Why do crosses between closely related species fail to produce fertile hybrids? A new study shows that differences in the levels - not necessarily the sequences - of certain key proteins are crucial in mediating reproductive isolation. Two individuals are defined as belonging to the same biological species, if matings between them give rise to viable and fertile offspring. Crosses between closely related, but already distinct, species produce hybrid offspring that are either inviable or...

2013-09-30 15:57:49

A team at IRB Barcelona identifies an essential protein for embryonic viability during the first cell divisions in the fly Drosophila. This protein, called dBigH1, which is a variant of histone 1, could also be associated with fertility issues. A zygote is the first cell of a new individual that comes about as the result of the fusion of an ovule with a spermatozoid. The DNA of the zygote holds all the information required to generate an adult organism. However, in the first stages of...

2013-09-25 10:56:18

Male fruit flies like to have a variety of sexual partners, whereas females prefer to stick with the same mate – or move on to his brothers. An Oxford University study of mating preferences in fruit flies (Drosophila) has found that males and females respond to the sexual familiarity of potential mates in fundamentally different ways. While male fruit flies preferred to court an unknown female over their previous mate or her sisters, female fruit flies displayed a predilection for...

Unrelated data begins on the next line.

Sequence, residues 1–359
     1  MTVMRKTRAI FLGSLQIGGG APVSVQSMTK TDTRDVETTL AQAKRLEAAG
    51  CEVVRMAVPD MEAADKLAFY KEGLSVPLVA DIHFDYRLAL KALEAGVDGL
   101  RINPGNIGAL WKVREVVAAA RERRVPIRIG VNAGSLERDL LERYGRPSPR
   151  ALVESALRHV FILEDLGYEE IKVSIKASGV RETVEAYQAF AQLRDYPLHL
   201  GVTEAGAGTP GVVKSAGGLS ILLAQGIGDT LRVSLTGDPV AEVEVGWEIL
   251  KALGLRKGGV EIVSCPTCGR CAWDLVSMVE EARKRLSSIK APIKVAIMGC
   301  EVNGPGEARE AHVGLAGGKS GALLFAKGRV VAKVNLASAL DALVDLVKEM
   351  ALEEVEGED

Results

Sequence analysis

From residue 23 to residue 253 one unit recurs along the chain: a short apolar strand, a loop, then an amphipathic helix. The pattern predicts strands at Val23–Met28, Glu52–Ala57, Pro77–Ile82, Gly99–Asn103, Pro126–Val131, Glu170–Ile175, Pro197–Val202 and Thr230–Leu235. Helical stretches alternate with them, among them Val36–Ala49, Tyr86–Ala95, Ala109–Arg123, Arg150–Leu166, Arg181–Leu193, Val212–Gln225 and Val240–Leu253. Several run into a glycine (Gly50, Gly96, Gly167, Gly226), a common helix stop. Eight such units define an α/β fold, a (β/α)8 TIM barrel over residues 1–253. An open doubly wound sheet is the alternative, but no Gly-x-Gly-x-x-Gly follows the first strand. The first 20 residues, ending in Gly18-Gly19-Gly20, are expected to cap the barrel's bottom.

Study Shows Fruit Fly Ideal Model To Study Hearing Loss In People
2013-09-03 08:05:09

University of Iowa If your attendance at too many rock concerts has impaired your hearing, listen up. University of Iowa researchers say that the common fruit fly, Drosophila melanogaster, is an ideal model to study hearing loss in humans caused by loud noise. The reason: The molecular underpinnings to its hearing are roughly the same as with people. As a result, scientists may choose to use the fruit fly to quicken the pace of research into the cause of noise-induced hearing loss...

FruitFliesSaltIntake_061413
2013-06-14 10:21:40

April Flowers for redOrbit.com - Your Universe Online It´s a natural instinct to want to swat a fruit fly in your kitchen, but a group of researchers led by UC Santa Barbara´s Department of Molecular, Cellular, and Developmental Biology (MCDB) and the Neuroscience Research Institute (NRI) say don´t. According to their new study, that fly could have a major impact on our progress in deciphering sensory biology and animal behavior. And that might someday provide a better...


Word of the Day
sough
  • A murmuring sound; a rushing or whistling sound, like that of the wind; a deep sigh.
  • A gentle breeze; a waft; a breath.
  • Any rumor that engages general attention.
  • A cant or whining mode of speaking, especially in preaching or praying; the chant or recitative characteristic of the old Presbyterians in Scotland.
  • To make a rushing, whistling, or sighing sound; emit a hollow murmur; murmur or sigh like the wind.
  • To breathe in or as in sleep.
  • To utter in a whining or monotonous tone.
According to the OED, from the 16th century, this word is 'almost exclusively Scots and northern dialect until adopted in general literary use in the 19th.'